An 'unprecedented heatwave' is sweeping Europe, with the warmest January on record predicted for the start of 2023.
The warmest January day ever was recorded this week in several European countries including Poland, Denmark, the Czech Republic and the Netherlands.
Cara Augustenborg, a Professor of Environmental Policy at University College Dublin and a member of the Climate Advisory Council, told Newstalk Breakfast that the figures are "totally insane".
"This is the most extreme event ever seen in European climatology", she said.
"It has implications in terms of food production. I mean, our own farmers here know that a good frost is really important when it comes to pest control, it has implications when it comes to water supply later on in the year."
There are short-term consequences too, such as the effect of warm weather on the tourist season in popular skiing destinations.
"We forget that this is actually part of a whole year of climate breakdown in the world", Prof Augustenborg said.
"In 2022, we saw floods in Pakistan in June affecting seven million people. We saw a heatwave in the UK and the EU last summer that cost us €20 billion and led to 20,000 excess deaths."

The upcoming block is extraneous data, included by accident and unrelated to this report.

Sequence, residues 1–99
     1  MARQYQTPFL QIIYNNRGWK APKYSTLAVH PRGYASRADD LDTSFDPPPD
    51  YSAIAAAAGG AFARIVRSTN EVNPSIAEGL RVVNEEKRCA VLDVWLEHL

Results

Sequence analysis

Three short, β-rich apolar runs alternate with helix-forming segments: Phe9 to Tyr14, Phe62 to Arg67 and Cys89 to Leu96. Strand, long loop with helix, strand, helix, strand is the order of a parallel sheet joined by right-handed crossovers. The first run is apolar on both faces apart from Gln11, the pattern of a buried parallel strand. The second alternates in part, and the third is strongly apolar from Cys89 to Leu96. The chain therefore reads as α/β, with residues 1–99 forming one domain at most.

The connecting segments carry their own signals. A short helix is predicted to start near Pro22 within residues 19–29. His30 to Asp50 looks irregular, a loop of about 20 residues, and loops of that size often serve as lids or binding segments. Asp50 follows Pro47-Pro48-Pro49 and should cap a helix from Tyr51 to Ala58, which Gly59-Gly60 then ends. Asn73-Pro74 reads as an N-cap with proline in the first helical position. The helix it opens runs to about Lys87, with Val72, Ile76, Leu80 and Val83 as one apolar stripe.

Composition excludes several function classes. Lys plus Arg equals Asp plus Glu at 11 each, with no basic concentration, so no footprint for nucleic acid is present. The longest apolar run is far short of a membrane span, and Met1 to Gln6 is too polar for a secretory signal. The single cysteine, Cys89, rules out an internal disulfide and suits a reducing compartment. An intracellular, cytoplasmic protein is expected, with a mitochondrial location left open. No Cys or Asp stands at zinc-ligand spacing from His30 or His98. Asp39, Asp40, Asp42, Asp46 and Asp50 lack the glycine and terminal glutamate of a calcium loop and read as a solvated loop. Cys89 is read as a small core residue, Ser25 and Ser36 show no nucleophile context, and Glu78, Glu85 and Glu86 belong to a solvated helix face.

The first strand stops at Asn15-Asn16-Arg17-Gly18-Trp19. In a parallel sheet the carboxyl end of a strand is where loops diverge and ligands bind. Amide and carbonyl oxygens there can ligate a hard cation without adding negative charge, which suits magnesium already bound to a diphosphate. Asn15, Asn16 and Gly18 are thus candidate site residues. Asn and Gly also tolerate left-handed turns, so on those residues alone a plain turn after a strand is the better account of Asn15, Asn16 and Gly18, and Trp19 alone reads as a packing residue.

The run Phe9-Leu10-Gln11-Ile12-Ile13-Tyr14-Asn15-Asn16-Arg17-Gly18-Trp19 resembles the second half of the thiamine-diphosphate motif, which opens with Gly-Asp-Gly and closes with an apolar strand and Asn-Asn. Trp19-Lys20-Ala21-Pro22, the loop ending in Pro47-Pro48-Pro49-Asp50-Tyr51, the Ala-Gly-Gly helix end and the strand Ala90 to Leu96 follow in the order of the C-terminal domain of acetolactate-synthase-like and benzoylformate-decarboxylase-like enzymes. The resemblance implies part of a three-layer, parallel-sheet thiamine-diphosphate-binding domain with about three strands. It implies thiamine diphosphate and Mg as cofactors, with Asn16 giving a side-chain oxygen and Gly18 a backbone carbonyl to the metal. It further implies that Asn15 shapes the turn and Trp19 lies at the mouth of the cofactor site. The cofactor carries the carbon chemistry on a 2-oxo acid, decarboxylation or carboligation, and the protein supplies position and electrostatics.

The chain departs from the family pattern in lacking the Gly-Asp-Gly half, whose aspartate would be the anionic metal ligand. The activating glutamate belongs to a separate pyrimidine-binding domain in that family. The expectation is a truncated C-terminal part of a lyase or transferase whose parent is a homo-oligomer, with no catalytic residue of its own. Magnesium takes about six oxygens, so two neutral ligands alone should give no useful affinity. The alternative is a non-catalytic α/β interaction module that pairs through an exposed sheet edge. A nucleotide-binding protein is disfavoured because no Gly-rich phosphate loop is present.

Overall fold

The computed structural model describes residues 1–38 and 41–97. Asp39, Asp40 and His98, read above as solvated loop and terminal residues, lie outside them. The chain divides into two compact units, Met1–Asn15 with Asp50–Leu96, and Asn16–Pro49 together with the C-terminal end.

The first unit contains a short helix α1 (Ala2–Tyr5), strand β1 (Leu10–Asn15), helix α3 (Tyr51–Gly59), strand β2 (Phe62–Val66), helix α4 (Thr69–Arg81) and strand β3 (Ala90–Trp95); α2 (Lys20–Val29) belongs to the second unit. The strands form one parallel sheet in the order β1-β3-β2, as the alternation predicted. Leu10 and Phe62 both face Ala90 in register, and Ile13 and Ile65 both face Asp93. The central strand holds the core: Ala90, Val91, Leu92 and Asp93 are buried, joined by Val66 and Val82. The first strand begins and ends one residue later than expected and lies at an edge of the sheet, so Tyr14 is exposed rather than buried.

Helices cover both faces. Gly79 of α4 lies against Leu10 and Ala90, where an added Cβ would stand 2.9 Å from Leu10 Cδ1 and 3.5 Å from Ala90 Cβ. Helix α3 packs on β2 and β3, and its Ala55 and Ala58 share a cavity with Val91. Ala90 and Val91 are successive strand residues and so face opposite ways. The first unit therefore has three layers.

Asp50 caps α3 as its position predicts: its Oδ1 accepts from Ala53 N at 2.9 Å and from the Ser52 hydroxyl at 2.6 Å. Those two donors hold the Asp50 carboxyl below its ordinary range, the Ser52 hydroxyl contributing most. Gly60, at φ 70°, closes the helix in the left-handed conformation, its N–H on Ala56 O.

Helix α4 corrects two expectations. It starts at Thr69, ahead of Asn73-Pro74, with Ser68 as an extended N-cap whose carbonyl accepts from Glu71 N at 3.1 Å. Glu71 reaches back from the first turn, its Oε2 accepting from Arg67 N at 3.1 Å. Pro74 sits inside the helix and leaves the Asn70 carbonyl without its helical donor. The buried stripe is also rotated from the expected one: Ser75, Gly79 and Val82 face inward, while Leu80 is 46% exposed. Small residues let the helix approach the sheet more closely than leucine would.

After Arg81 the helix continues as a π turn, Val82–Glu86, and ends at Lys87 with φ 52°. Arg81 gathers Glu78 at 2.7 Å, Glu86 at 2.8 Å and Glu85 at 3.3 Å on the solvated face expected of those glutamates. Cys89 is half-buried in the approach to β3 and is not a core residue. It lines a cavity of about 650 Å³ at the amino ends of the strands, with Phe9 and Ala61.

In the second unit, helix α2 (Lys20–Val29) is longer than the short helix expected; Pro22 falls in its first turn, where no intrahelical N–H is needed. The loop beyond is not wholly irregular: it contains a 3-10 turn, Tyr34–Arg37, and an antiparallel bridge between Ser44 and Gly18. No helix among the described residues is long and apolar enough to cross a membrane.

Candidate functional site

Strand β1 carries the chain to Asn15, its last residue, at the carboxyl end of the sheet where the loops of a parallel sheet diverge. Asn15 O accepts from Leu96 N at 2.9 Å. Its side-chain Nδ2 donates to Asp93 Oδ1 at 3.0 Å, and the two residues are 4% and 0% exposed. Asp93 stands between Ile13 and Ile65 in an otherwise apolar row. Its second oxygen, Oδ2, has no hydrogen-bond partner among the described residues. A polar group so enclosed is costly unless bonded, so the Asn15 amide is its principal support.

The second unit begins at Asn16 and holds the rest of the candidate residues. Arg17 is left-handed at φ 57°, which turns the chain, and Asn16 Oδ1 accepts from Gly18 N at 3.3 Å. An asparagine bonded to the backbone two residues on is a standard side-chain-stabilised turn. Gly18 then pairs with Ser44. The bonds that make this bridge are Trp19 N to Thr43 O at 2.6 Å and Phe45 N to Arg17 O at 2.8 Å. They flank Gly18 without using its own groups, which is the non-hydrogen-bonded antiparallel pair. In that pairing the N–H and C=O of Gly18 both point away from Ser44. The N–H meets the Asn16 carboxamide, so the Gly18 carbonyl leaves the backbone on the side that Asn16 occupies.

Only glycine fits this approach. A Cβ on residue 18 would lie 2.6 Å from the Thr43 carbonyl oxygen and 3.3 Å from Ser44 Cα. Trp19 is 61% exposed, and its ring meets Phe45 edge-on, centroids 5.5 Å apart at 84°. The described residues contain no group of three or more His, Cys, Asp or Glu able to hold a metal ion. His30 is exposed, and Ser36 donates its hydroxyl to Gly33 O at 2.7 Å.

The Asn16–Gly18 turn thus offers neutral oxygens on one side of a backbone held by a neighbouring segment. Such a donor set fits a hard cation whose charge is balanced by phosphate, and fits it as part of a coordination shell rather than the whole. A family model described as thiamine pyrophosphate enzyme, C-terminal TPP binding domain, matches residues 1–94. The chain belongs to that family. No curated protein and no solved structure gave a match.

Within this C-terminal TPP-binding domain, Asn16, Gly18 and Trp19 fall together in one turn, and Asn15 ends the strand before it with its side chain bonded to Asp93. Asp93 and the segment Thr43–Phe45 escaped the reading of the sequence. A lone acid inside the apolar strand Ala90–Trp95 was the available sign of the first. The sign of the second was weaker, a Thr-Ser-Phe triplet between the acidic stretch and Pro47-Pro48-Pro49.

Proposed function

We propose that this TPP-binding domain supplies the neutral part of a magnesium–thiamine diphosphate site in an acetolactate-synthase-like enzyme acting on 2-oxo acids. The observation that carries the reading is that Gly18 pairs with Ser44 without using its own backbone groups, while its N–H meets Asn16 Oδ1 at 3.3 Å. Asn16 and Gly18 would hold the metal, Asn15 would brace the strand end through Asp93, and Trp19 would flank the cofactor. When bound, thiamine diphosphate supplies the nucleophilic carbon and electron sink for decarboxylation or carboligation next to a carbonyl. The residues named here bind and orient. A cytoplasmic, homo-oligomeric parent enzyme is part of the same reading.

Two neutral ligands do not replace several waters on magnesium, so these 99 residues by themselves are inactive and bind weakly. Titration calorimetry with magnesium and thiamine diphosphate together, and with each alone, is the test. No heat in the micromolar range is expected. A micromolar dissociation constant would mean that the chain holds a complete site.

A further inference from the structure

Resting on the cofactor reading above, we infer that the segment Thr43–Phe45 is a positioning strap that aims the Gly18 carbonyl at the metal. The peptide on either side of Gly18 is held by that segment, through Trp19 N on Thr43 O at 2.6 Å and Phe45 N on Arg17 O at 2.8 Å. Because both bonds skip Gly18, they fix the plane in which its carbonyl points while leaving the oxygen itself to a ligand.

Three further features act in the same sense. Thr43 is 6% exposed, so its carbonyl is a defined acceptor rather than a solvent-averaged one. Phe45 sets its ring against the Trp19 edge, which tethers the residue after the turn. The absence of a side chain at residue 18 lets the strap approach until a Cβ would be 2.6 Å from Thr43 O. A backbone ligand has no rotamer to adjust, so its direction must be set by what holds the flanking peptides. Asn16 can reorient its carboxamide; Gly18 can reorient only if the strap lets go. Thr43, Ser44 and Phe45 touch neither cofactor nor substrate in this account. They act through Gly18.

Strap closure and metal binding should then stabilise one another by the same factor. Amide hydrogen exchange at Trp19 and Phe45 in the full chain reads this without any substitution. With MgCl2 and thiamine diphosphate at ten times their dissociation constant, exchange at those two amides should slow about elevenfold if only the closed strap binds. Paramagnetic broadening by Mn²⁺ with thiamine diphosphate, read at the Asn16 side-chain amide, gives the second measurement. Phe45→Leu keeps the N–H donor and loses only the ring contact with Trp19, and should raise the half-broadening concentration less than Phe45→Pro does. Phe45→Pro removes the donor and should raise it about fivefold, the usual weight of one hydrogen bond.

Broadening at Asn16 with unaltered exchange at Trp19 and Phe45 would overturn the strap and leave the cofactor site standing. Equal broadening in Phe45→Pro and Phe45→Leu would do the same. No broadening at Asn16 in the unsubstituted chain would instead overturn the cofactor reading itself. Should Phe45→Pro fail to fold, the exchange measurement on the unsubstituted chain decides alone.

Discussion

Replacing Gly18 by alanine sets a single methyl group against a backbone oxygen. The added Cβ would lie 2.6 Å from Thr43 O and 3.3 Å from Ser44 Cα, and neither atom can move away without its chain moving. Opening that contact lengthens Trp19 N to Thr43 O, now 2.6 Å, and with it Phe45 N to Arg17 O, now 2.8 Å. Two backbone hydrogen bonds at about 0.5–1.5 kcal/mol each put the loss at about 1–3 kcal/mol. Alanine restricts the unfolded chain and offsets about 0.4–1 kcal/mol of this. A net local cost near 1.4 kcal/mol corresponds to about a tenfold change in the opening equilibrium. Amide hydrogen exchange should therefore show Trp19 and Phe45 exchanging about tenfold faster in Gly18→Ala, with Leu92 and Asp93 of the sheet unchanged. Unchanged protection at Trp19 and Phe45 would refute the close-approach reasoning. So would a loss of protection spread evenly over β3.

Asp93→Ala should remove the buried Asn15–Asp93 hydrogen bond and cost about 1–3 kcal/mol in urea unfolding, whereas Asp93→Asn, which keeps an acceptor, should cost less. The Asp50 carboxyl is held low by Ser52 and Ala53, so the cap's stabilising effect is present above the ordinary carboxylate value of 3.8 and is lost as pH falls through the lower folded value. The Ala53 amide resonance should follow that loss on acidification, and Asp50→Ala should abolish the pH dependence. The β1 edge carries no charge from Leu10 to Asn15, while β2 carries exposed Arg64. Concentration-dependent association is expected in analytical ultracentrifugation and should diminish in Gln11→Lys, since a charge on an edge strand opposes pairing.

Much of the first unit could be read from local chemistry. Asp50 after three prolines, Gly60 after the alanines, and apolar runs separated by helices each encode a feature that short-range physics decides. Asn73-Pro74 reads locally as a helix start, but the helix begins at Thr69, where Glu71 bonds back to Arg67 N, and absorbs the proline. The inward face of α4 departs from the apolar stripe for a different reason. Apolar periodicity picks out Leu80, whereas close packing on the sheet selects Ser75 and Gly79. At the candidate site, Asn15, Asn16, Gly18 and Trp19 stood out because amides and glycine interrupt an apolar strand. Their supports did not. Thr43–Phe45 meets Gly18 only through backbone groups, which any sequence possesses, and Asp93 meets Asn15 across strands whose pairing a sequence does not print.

"Over the summer, we saw droughts in East Africa, floods in West Africa, hurricane Iain in the US and Cuba, which cost €100 billion in damage", she added.
While many politicians and policy-makers are generally trying to reduce emissions and slow climate change, Prof Augustenborg said that they must also quickly adapt to this "new normal".
"When we thicken our atmosphere with chemicals like carbon dioxide and methane, we put more energy in the system and we create the conditions for this kind of extreme weather", she said.
"The fact that it spread all the way from Russia, all the way down to France, it really is far more wide-reaching than what climatologists have seen in the past."
Listen back to the full conversation here.
Main image shows children playing at the Netun fountain in Berlin. Picture by: Heiko Küverling / Alamy